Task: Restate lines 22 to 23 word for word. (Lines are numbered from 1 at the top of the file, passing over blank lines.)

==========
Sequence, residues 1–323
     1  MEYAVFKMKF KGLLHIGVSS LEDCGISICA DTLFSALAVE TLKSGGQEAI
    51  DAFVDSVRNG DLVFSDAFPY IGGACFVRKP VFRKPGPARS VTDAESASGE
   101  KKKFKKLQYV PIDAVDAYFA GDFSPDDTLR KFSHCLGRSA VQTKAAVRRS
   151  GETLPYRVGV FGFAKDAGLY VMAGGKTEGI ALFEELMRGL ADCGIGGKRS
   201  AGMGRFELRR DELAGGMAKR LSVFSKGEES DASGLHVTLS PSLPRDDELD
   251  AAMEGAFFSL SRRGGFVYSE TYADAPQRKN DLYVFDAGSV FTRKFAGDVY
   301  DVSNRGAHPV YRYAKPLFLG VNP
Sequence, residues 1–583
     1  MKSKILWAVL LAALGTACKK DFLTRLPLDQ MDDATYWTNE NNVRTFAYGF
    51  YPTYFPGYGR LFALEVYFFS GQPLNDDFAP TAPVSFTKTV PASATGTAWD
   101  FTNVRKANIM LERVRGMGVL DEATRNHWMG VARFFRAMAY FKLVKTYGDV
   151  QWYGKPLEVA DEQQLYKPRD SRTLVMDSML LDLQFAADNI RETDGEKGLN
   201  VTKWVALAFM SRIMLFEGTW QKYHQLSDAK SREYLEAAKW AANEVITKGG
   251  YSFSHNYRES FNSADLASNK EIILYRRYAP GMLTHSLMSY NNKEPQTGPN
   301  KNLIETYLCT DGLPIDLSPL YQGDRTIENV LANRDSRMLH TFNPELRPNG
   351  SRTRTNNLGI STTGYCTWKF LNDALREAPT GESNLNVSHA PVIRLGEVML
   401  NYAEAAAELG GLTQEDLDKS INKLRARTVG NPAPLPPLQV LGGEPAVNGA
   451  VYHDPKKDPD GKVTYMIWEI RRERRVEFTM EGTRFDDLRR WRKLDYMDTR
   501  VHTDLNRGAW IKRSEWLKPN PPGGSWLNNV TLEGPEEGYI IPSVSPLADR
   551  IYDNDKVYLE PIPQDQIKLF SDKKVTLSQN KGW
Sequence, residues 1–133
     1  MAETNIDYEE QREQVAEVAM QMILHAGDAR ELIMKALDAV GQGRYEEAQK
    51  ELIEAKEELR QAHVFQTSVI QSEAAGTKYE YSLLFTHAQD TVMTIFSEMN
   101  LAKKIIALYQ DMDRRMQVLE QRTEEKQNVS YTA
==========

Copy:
Sequence, residues 1–133
     1  MAETNIDYEE QREQVAEVAM QMILHAGDAR ELIMKALDAV GQGRYEEAQK